A U.S. military spokesman in Afghanistan insisted Monday that the temporary halting of convoys through the Khyber Pass had not impacted operations.
    “We continue to move supplies through Pakistan to Afghanistan,” said Lt. Cmdr. Walter Matthews. “I can’t give you the route.”

    Associated Press: US supply trucks get armed escorts in Pakistan

  • What says:

    Will ceding Afghanistan change anything really?
    Yes it will give jihadists a propaganda victory, something they sorely need after their Iraq fiasco. It will also free up jihadists who are now fighting to defend muslim land to be used for offensive operations in other places. Do you really want to take a chance on one of those places being US soil? It will free up jihadist resources for offensive operations in other places.
    Not keeping the jihadists busy with defending muslim territory is an invitation for more attacks here in the West.

  • remoteman says:

    I get the “fight them there so we don’t have to fight them here” theory. But just having some limited engagement as a flytrap seems like a rather large burden to be placed upon our military. No other country is going to step up in a fashion that is even near reasonable relative to what our people and our taxpayers have to bear.
    The tribal belt already serves as a base from which jihadists can plan and launch attacks. It seems Somalia is once again going to play that role as well. Adding Afghanistan to the mix doesn’t seem to alter things too much IMO.
    I do appreciate the psychological aspect of their being able to claim a victory, but that is why the diplomats must make it appear to the contrary. Not an easy task, I grant you.
    Afghanistan and the FATA are generations behind what we would refer to as modern societies. They are a tribal/warlord/strongman-centric society. Stability is inconsistent with this societal structure. We can pour billions of dollars and thousands of lives into the region and it won’t change a thing.
    Again, I vote we get out as prudently as possible, and, should we be forced to return, use our airpower to send a message that they will not forget.

  • Marlin says:

    Bill –
    You’ve long been skeptical of the effectiveness of the Pakistani armed forces in its efforts against the Pakistani Taliban. Army Col. John Spiszer seems to give them some credit. Do you think he’s overstating their effectiveness?

    Army Col. John Spiszer, who leads a NATO force of about 4,200 troops in four eastern Afghan provinces, said he expects violence to rise through the winter as militants take shelter from Pakistani forces in the mountainous border region.
    “Unfortunately, or fortunately in some ways, the Pakistan military is doing operations that really ultimately are in some ways designed to drive (militants) out of Pakistan,” Spiszer told Pentagon reporters via video link from a NATO base in Nangarhar province.
    Spiszer said the Pakistani operations have been slow but sustained and effective at clearing militant bases.
    “They’re running out of options on places to go,” he said. “We may see some increased violence trends over the winter that we haven’t seen in the past. But if that is the case, it’d be because the Pakistan military’s been taking away their safe havens in Pakistan.”

    Reuters: Pakistani offensive seen boosting Afghan violence

  • cjr says:

    “Afghanistan and the FATA are generations behind what we would refer to as modern societies. They are a tribal/warlord/strongman-centric society. Stability is inconsistent with this societal structure. We can pour billions of dollars and thousands of lives into the region and it won’t change a thing.”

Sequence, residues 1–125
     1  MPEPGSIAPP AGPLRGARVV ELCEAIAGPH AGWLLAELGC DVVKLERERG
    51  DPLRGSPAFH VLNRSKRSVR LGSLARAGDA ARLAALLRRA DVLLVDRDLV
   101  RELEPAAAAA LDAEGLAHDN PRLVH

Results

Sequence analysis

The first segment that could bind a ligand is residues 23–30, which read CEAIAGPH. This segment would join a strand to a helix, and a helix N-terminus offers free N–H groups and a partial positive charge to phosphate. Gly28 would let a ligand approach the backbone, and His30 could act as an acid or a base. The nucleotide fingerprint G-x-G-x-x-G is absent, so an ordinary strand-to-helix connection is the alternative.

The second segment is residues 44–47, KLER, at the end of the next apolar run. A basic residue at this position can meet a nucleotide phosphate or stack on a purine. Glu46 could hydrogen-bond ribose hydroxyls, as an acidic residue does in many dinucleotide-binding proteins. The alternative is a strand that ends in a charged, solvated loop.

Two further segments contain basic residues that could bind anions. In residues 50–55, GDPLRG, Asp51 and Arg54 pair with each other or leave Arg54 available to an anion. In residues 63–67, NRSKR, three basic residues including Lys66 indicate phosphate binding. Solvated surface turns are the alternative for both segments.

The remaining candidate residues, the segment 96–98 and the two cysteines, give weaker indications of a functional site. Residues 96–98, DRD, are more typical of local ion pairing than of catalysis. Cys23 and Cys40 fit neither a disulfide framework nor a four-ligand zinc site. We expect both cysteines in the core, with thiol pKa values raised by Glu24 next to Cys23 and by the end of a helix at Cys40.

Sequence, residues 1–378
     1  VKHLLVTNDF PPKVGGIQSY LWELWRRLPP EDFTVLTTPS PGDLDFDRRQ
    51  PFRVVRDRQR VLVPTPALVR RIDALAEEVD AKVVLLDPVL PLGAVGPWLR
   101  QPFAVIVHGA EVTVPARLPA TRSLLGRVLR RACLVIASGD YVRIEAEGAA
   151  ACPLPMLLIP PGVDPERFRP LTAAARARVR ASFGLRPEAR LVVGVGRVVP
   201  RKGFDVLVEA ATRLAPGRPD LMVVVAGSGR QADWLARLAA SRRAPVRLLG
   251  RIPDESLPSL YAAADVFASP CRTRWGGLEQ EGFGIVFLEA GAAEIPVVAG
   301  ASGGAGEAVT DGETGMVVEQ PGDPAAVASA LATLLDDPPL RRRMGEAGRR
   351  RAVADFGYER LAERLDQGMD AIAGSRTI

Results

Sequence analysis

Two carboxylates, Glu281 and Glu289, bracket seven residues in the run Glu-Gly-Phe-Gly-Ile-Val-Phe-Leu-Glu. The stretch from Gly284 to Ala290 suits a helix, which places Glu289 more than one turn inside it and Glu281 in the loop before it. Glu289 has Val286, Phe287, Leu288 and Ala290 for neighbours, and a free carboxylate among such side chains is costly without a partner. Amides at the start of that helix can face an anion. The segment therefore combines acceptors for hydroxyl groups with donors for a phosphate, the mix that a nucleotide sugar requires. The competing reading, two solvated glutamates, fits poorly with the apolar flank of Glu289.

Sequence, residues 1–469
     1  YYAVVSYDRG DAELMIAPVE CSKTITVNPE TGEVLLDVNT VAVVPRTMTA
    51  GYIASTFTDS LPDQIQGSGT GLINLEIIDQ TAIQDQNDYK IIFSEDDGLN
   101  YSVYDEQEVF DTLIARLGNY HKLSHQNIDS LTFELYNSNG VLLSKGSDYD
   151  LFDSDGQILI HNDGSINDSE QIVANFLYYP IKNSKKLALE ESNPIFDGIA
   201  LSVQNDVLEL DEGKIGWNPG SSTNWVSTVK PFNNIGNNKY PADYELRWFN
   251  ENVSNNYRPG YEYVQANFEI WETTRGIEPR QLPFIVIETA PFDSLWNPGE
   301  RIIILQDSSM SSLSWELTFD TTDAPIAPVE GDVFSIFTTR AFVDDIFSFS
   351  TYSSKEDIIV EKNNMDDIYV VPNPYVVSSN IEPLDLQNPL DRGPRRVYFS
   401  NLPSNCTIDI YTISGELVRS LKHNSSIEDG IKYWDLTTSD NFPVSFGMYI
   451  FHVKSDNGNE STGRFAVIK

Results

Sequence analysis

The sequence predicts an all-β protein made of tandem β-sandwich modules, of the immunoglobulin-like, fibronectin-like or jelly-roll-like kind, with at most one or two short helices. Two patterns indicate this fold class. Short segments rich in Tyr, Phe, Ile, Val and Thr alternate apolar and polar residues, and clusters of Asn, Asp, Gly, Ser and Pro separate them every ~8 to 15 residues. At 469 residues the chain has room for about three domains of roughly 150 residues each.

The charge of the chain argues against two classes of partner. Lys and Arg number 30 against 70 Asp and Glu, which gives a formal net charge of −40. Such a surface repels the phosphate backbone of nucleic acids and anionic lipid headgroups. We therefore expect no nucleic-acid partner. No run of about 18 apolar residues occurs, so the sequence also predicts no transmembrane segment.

Modernization is not a neccessary condition. There are several non modern, tribal societies that have successfully ejected AQ: Algeria, Egypt and Iraq for example.
    “Again, I vote we get out as prudently as possible, and, should we be forced to return, use our airpower to send a message that they will not forget.”
    Clinton already tried this in the 1990’s. Cruise missle attacks on Taliban training camps in Afghanistan and the bombing on the “milk factory” in Sudan. Strategy failed miserably.

  • Brandon says:

    Watch this non lethal episode turn into a lethal one…

  • Marlin says:

    Bill –
    As I mentioned in an earlier comment at 1:43 PM today, I know you believe the Pakistani armed forces to be of a very uneven quality, e.g. good in some areas but not in others. However, I do find it reassuring that Admiral Michael Mullen is echoing the comments of Army Col. John Spiszer.

    The top US military officer acknowledged at a Pentagon briefing that Pakistan’s own anti”

  • Bill Roggio says:

    It certainly is a good thing the Pakistanis are fighting the Taliban in Bajaur. But Admiral Mullen should look at how the Pakistanis are fighting in Bajaur. What they are doing – leveling towns, attacking civilians, and threatening tribes with retribution if they do not fight the Taliban, is very counterproductive. The Bajaur operation may have some positive short term results across the border in Afghanistan, but the Pakistani military is alienating the people they should be protecting. This is no way to fight a counterinsurgency.

  • Marlin says:

    I realize it’s just words, but nonetheless the expression of intent to keep NATO supply lines open is hopeful. To Bill’s point in the comment immediately above, it’s ironic that he urges NATO to use better counterterrorism techniques but doesn’t indicate that they should apply to his forces as well.

    “We will do whatever is possible, whatever is within our power to ensure that this line of supply is open,” Kayani told top officers in Brussels, according to Admiral Giampaolo Di Paola, head of Nato’s military committee.
    “We understand how critical it is to Afghanistan … and because we want Afghanistan to succeed we would harm ourselves if we did not do our best to ensure that,” Di Paola quoted Kayani as saying.
    In a two-hour presentation, General Ashfaq Kayani also urged Nato to engage with Pashtuns in tribal regions near Afghanistan rather than simply try to seal the border to stop Taliban militants crossing over.
    “There is no force which alone can block (the border). Flow across that line is part of normal life for centuries, will continue to be part of normal life for centuries,” said Di Paola.
    “What can be done, and what should be done is to have the understanding of the people living there, moving across to separate themselves from the bad guys, from the terrorists,” he said.

    AAJ TV: Kayani vows to keep Nato supply line open